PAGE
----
You can hear the excitement immediately in Hayden Hoff’s voice the moment he starts talking about Ocosta High School football.
“What was the best thing about team training this summer?” said Hoff, repeating the question he was just asked. He wasted no time providing an answer. “Just being able to train as a team was by far the best thing. We haven’t always had that.”
Hoff is one of eight seniors on the Wildcats’ roster this season and one of the team’s most experienced players. He can remember past summers being absent of any form of team training. Workouts were mostly on an individual basis simply because there weren’t enough players showing up to demand formal training outside the regular season.
“It just feels different around here this year,” said the 6-foot-1, 216-pound Hoff, who starts at running back and linebacker for Ocosta. “There’s a lot more unity than we’ve had before.”
You can credit the new upbeat outlook to first-year head coach Chris Raffelson and his staff.
Hired in late June, Raffelson has brought plenty of energy to the Wildcats’ program. Nothing showcases this more than the turnout Ocosta experienced this season as 36 players appear on the roster, a major upswing from last year where the team suited up just 17.
“We couldn’t even have a full scout team to play against at practice last year,” Hoff stated. “That makes it very difficult to prepare for Friday’s games.”
What makes the numbers even more impressive is the fact that Ocosta’s total enrollment is at 154, according to the WIAA’s classification enrollment data, meaning nearly a quarter of the school has elected to join the team this season.
That, however, isn’t simply by good fortune, but instead stems from Raffelson and returning players, such as Hoff, getting the word out about the program and doing loads of gridiron headhunting.
“We want the kids to be enthusiastic about playing here,” said Raffelson, a 1993 Ocosta graduate. “We want to turn the program around and that was one of the first steps. For the first time in a while we are actually going to be able to field a JV program. That’s huge for us.”
Raffelson, the Wildcats’ third coach over the last five seasons, takes over a team that finished 2-6 last year. But he is hardly a stranger to most of the players as he coached many of them during their youth football days.
Additionally, Raffelson has worked with the junior high programs in Montesano, Aberdeen and Elma. He also played 13 seasons of semi-pro football with the Washington Cavaliers and Grays Harbor Bearcats, a program he helped co-found.
“I’ve been fortunate to learn under some very good coaches,” Raffelson said. “Really, the Xs and Os have been the easy part. Our main focus as a staff coming in was to build a team out of a group of individuals. That’s how you become success. We want to build some tradition here. I think we started that this summer with the number of kids who were involved.”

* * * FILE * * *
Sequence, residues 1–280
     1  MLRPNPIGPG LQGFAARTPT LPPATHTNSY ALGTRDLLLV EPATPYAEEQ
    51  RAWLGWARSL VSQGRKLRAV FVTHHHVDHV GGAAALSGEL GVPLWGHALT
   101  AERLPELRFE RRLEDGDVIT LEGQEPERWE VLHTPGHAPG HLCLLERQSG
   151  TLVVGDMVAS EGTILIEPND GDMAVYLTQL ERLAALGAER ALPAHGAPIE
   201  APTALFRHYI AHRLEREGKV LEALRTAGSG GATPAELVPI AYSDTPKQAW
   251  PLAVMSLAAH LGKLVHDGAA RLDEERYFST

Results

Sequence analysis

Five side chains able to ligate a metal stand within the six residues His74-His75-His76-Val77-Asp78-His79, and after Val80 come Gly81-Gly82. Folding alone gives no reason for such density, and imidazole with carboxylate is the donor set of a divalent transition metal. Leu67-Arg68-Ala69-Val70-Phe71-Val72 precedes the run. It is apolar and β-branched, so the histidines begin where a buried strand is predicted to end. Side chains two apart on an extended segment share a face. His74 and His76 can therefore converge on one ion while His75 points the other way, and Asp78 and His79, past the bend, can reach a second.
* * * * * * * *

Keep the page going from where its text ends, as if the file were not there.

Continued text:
When he’s not coaching, Raffelson works as a paramedic with the Aberdeen Fire Department, a demanding job which requires him to miss practice on occasion.
During the few times he is away, however, there are no shortage of assistant coaches and volunteers to step up and fill void.
Raffelson’s list of assistant coaches include Cameron Ness, Keith Beck and Lonzo and Caleb Tackett, while volunteer coaches consist of Bill Lennon, Kevin Hatton, Matt Reichenberger, Ryan Reid and Chris’ son, Nathan Raffelson.
“It’s really been amazing the amount of time and effort these people have put in as coaches and volunteers,” Raffelson said. “When I am away the team doesn’t miss a step.”
Another aspect, Raffelson has been utilizing to bring the program together is having the junior high teams participate during practice.
“The junior high players are learning what the high school players learn,” Raffelson said. “When it comes time to hit, we obviously have junior high players playing against other junior high players. They never have contact with the high school kids. But, from a learning standpoint it’s really helpful to have them out there. It gets them involved. They are going to end up here in a year or two playing, and when that time comes they will already know the system.”
Raffelson had to wait an extra week to make his on-field coaching debut. The Wildcats won their season opener by forfeit after Chief Leschi didn’t have enough players before dropping their second contest, 34-7, to Wahkiakum.
“We’re still a work in progress,” Raffelson said, “but the kids are all really excited and motivated to improve, as is the coaching staff. Everyone has put in a lot of hard work and that’s all you can ask for.”